With an ongoing debate in Congress over what the EPA’s role should be in regulating greenhouse gas emissions from large industrial sources of pollution, every move by the agency to flex its muscle is scrutinized for hidden meaning.
So last Tuesday, when the EPA moved to tighten restrictions on sulfur dioxide (SO2) emissions — which is not a greenhouse gas — it looked like it was more than a routine regulatory update. The new SO2 regulations were the first update in forty years, and timed it seemed, to have maximum effect on a larger discussion.
On Monday EPA held hearings in Virginia to give the public an opportunity to weigh in on the agency’s proposal to begin regulating global warming gases from power plants, oil refineries, factories and other major sources. On Wednesday, similar hearings were held in Chicago. The SO2 regulations were released on Tuesday, the day right smack in-between.
Was it a signal to lawmakers and the public to demonstrate that in the Clean Air Act, EPA has a powerful tool for regulating coal plant emissions in order to protect human health and the environment?
“Short-term exposures to peak SO2 levels can have significant health effects – especially for children and the elderly – and leave our families and taxpayers saddled with high health care costs,” said EPA Administrator Lisa P. Jackson. “We’re strengthening clean air standards, stepping up monitoring and reporting in communities most in need, and providing the American people with protections they rightly deserve.”
EPA is proposing to revise the primary SO2 standard to a level of between 50 and 100 parts per billion (ppb) measured over 1-hour. The existing primary standards were 140 ppb measured over 24-hours, and 30 ppb measured over an entire year. The proposed 1-hour standard would better protect public health by reducing people’s exposure to high short-term concentrations of SO2. Even five or ten minutes of exposure to high levels of SO2 can cause an asthma attack, according to the American Lung Association.
“There has been a lot of evidence recently that suggests the current standard doesn’t adequately protect against short-term exposure, which might happen if you were downwind from, say, a coal-fired power plant,” Frank O’Donnell, president of Clean Air Watch, told SolveClimate.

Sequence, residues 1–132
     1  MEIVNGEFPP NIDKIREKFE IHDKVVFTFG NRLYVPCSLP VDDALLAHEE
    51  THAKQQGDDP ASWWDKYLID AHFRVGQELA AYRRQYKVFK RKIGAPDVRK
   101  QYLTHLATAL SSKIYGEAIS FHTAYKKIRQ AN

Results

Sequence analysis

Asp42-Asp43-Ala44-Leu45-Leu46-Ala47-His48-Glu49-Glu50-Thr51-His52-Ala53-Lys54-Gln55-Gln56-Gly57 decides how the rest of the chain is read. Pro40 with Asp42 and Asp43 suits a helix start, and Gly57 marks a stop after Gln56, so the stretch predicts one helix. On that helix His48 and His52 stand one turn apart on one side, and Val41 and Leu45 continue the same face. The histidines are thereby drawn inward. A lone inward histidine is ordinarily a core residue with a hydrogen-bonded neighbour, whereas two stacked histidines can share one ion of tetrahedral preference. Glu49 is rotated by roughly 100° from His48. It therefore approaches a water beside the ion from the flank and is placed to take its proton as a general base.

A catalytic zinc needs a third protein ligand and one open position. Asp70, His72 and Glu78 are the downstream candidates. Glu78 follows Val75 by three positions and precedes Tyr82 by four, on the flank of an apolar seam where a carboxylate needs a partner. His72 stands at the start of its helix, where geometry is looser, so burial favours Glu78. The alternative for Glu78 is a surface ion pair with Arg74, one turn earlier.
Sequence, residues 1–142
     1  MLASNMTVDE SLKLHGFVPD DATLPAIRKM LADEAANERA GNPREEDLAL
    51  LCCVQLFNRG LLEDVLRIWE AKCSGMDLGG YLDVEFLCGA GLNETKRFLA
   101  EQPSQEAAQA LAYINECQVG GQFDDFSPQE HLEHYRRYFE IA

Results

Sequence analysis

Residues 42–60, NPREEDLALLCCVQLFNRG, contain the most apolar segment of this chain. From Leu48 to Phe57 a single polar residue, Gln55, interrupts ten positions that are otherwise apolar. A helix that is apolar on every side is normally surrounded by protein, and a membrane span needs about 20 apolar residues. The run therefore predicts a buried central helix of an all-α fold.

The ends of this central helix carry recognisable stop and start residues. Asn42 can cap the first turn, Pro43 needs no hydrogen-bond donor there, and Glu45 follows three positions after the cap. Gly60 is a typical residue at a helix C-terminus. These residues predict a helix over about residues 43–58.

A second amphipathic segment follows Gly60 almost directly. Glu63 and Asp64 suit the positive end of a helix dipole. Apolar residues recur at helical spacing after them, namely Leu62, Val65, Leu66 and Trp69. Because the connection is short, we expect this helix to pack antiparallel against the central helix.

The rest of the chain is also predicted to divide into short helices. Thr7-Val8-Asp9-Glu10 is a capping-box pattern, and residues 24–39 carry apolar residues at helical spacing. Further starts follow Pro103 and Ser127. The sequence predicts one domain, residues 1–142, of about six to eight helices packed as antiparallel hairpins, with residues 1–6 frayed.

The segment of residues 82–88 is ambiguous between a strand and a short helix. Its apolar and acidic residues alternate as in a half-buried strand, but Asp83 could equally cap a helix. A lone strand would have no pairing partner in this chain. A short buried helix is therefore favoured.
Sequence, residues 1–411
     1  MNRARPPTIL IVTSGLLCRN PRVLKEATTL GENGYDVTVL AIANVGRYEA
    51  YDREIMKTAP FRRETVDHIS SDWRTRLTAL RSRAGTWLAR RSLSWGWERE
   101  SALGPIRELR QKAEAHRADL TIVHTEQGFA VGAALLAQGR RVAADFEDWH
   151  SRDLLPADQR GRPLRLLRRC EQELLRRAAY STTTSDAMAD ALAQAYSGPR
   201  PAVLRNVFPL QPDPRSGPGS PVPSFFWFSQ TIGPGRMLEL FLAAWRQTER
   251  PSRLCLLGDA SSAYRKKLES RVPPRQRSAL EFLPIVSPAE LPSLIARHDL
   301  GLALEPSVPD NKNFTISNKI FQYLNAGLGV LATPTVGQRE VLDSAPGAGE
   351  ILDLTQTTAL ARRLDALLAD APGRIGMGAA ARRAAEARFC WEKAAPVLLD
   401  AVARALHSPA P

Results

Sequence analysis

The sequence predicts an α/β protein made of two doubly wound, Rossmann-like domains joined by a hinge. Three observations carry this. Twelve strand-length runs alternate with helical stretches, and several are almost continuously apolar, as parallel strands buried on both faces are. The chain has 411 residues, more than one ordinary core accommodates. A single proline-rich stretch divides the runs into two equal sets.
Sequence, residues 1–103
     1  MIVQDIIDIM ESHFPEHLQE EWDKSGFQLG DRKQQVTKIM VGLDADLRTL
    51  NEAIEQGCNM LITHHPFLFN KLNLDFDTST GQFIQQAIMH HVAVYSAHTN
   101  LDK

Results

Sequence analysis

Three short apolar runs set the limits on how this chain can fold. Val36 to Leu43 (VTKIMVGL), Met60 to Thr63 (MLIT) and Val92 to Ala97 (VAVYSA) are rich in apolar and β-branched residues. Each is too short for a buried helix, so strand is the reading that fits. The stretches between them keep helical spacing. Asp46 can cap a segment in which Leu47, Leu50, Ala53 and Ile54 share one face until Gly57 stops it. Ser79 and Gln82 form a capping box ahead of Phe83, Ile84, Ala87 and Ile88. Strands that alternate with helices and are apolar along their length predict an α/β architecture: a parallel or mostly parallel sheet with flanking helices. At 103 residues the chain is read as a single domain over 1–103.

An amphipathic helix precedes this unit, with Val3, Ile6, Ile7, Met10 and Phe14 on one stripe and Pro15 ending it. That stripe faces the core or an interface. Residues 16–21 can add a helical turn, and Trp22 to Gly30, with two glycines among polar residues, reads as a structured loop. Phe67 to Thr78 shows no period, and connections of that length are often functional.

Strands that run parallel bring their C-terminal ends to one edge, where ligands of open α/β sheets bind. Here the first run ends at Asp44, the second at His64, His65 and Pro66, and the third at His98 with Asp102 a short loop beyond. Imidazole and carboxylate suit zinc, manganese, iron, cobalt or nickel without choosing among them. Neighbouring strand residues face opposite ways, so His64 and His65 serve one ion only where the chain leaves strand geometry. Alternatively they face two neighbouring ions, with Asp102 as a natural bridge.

The EPA is also proposing to more closely monitor SO2 emissions at the source; so, rather than take general air quality measurements, it will take them around known SO2 sites and in urban areas. The agency is also launching today an online tool that allows the public to track SO2 emissions throughout the country.
EPA estimates that the revised standards would yield health benefits valued between $16 billion and $100 billion, the result of reduced hospital admissions, emergency room visits, and work days lost, as well as fewer cases of aggravated asthma and chronic bronchitis.
The most likely effect of the new regulations, according to O’Donnell, would be the installation of SO2 scrubbers on plants that lack them. They can remove 90 percent or more of the SO2 from a plant’s emissions, according to the EPA. The systems are expensive, and for plants that have so far been able to meet EPA restrictions without scrubbers, there has been little incentive to install them.
But other observers say the market implications of the proposed SO2 regulations are still unclear. The impact will take years to assess as state governments will have to make individual determinations about how to apply the regulations.
Some plants may also look at burning lower sulfur coal, according to O’Donnell, but it’s unclear whether that would be enough to bring them in line with the proposed regulations.The agency is proposing a second round of regulatory updates in 2011 that will address the “public welfare” — an EPA umbrella term that includes the environment. According to O’Donnell, the 2011 regulations will also likely include nitrogen oxide impacts as well, given that SO2 and NO are the primary components of acid rain.
The new SO2 regulations will not pass without objection. The Edison Electric Institute has already said it doesn’t see the need for these regulations, and the energy industry is expected to oppose the changes in public comments and hearings.
“The oil industry went to the White House just last week to bellyache about all the EPA efforts to clean up the air; they brought all the heavy sluggers in the oil lobby—the American Petroleum Institute, Exxon Mobil, everybody—and their message is the same it’s been for 40 years: We’re not causing that much harm so stop bothering us so much,” O’Donnell said.
Strong enforement of Clean Air Act regulations is a prospect that frightens industry. Responding to their lobbyists, lawmakers in Congress are trying to strip EPA of authority to regulate greenhouse gases from coal plants and other stationary sources of pollution. The currently proposed House climate bill strips the EPA of its power to regulate coal plants for CO2, but the Senate version has so far retained those powers for the agency.